Journal article

MAIT cells protect against pulmonary Legionella longbeachae infection

Huimeng Wang, Criselle D'Souza, Xin Yi Lim, Lyudmila Kostenko, Troi J Pediongco, Sidonia BG Eckle, Bronwyn S Meehan, Mai Shi, Nancy Wang, Shihan Li, Ligong Liu, Jeffrey YW Mak, David P Fairlie, Yoichiro Iwakura, Jennifer M Gunnersen, Andrew W Stent, Dale I Godfrey, Jamie Rossjohn, Glen P Westall, Lars Kjer-Nielsen Show all

NATURE COMMUNICATIONS | NATURE RESEARCH | Published : 2018

Abstract

Mucosal associated invariant T (MAIT) cells recognise conserved microbial metabolites from riboflavin synthesis. Striking evolutionary conservation and pulmonary abundance implicate them in antibacterial host defence, yet their functions in protection against clinically important pathogens are unknown. Here we show that mouse Legionella longbeachae infection induces MR1-dependent MAIT cell activation and rapid pulmonary accumulation of MAIT cells associated with immune protection detectable in immunocompetent host animals. MAIT cell protection is more evident in mice lacking CD4+ cells, and adoptive transfer of MAIT cells rescues immunodeficient Rag2-/-γC-/- mice from lethal Legionella infec..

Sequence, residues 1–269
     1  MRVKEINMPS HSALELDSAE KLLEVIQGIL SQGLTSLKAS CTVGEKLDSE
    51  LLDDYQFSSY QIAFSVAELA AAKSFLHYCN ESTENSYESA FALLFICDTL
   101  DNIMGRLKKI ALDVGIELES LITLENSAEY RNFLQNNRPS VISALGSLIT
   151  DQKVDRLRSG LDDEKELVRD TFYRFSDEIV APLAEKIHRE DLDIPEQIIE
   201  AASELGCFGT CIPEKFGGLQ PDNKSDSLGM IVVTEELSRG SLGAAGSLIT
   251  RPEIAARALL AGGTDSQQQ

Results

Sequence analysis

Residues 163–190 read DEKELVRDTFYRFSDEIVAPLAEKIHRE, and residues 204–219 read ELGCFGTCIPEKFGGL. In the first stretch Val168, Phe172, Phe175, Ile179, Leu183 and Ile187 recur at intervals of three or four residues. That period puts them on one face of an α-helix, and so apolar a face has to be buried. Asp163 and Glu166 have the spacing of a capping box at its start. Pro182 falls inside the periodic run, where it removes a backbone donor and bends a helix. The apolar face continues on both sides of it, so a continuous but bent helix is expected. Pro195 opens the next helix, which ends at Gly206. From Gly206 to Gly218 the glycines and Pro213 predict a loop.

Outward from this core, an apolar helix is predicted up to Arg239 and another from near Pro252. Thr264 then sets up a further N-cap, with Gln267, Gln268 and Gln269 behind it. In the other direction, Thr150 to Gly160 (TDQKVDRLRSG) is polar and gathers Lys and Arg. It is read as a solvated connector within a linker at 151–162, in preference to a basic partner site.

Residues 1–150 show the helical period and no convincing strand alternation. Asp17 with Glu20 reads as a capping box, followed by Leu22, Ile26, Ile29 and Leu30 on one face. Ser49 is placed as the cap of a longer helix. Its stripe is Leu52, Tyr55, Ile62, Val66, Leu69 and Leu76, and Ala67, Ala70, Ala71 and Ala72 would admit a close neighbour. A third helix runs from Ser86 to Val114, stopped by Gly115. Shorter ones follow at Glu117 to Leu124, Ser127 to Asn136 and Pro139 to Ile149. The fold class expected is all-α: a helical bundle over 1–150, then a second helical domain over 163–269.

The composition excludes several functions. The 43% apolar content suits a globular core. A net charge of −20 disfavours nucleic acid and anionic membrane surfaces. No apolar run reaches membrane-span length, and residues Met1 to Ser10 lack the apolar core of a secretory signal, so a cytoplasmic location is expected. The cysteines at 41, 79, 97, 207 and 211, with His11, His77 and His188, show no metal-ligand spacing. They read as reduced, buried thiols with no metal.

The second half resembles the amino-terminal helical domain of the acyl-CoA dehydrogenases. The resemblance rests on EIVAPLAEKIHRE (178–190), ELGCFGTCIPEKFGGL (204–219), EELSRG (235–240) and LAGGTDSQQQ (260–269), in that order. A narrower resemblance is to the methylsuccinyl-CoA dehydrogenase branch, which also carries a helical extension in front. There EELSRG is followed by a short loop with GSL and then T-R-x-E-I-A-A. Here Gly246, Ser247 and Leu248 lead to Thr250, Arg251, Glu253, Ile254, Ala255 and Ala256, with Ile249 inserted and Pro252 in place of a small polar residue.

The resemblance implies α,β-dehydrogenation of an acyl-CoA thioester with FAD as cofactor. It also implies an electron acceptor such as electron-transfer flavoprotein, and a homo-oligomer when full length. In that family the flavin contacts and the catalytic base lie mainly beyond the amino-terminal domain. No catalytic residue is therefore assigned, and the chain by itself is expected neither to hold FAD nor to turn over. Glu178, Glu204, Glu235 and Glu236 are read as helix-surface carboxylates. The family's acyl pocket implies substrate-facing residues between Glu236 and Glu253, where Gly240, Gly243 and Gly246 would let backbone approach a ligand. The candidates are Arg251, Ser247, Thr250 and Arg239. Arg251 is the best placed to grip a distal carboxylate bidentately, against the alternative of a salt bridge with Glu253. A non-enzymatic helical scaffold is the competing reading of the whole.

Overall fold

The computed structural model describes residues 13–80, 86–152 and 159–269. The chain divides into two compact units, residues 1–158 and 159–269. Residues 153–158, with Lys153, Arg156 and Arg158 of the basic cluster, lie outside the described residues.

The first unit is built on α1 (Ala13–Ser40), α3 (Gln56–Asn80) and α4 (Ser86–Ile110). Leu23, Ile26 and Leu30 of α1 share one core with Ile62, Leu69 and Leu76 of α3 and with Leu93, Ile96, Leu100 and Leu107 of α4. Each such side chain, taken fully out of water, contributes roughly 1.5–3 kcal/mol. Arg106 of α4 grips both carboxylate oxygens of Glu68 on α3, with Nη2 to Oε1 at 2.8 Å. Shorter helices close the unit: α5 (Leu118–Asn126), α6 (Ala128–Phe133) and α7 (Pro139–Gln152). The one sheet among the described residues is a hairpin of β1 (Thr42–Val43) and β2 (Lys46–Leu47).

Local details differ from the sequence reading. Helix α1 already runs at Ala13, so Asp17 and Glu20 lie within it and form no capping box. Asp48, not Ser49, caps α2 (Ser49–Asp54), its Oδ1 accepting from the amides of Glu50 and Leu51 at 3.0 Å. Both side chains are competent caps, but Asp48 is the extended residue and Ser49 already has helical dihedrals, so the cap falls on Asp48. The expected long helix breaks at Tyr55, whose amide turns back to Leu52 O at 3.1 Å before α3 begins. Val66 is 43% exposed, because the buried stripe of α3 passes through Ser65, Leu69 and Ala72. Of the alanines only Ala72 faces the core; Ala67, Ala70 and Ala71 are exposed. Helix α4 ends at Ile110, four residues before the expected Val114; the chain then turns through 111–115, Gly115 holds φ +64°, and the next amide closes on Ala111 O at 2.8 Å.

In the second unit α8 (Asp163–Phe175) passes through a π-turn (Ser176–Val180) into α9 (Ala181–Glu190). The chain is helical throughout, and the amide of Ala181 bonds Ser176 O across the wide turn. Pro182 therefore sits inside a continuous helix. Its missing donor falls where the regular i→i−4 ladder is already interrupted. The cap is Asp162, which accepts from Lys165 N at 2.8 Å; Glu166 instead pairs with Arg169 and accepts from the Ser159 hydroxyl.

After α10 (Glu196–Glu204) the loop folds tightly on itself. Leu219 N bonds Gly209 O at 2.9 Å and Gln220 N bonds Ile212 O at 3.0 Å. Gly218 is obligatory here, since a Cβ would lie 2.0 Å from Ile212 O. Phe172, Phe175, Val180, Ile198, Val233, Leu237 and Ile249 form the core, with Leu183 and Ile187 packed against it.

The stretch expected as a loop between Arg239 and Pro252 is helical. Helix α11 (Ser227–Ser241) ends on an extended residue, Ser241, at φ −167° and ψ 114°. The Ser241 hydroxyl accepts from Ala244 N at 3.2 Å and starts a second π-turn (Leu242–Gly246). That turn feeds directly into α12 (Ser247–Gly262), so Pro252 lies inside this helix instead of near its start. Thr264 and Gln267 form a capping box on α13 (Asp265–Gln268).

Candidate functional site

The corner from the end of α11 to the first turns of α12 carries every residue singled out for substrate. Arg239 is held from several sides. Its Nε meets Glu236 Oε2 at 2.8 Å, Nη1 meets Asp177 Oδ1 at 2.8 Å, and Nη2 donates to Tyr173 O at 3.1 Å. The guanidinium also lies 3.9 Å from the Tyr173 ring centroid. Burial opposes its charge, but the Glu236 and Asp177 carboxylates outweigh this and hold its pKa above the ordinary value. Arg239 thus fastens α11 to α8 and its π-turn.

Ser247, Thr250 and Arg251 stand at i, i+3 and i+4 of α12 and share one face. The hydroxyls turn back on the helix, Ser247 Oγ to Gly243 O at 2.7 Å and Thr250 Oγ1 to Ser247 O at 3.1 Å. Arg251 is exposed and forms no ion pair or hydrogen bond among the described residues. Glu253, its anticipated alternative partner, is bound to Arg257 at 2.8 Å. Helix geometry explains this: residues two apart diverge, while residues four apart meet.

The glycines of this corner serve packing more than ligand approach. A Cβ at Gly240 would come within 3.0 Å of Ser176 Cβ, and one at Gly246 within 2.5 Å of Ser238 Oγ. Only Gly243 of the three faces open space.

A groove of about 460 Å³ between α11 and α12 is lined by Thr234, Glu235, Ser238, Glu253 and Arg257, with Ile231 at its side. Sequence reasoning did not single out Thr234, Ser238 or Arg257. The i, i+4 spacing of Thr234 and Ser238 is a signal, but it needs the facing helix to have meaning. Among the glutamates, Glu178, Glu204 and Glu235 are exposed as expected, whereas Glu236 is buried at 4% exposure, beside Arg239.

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Grants

Awarded by National Health and Medical Research Council of Australia (NHMRC) Program


Awarded by ARC Centre of Excellence


Awarded by Wellcome Trust Postdoctoral Research Fellowship


Awarded by NHMRC Senior Principal Research Fellowship


Funding Acknowledgements

This research was supported by the National Health and Medical Research Council of Australia (NHMRC) Program Grants 1113293, 1016629 and 606788, a Project Grant 1120467, an ARC Centre of Excellence grant CE140100011, as well as a Merieux Research Grant. T.S.C.H. was supported by a Wellcome Trust Postdoctoral Research Fellowship (104553/z/14/z). A.J.C. was supported by an ARC Future Fellowship. S.B.G.E. was supported by an ARC DECRA Fellowship. D.I.G. is supported by an NHMRC Senior Principal Research Fellowship (1117766). J.R. was supported by an Australian ARC Laureate Fellowship. D.P.F. was supported by an NHMRC Senior Principal Research Fellowship. H.W. is supported by a Melbourne International Engagement Award (University of Melbourne). C.D.'S. is supported by a Melbourne International Research Scholarship and a Melbourne International Fee Remission Scholarship (University of Melbourne). We thank Dr Wei-Jen Chua and Prof Ted Hansen for their kind provision of 8F2.F9 and 26.5 mAbs, and Professor David Jackson for Pam2Cys. We are grateful to Professor Francis Carbone for critical review of the manuscript.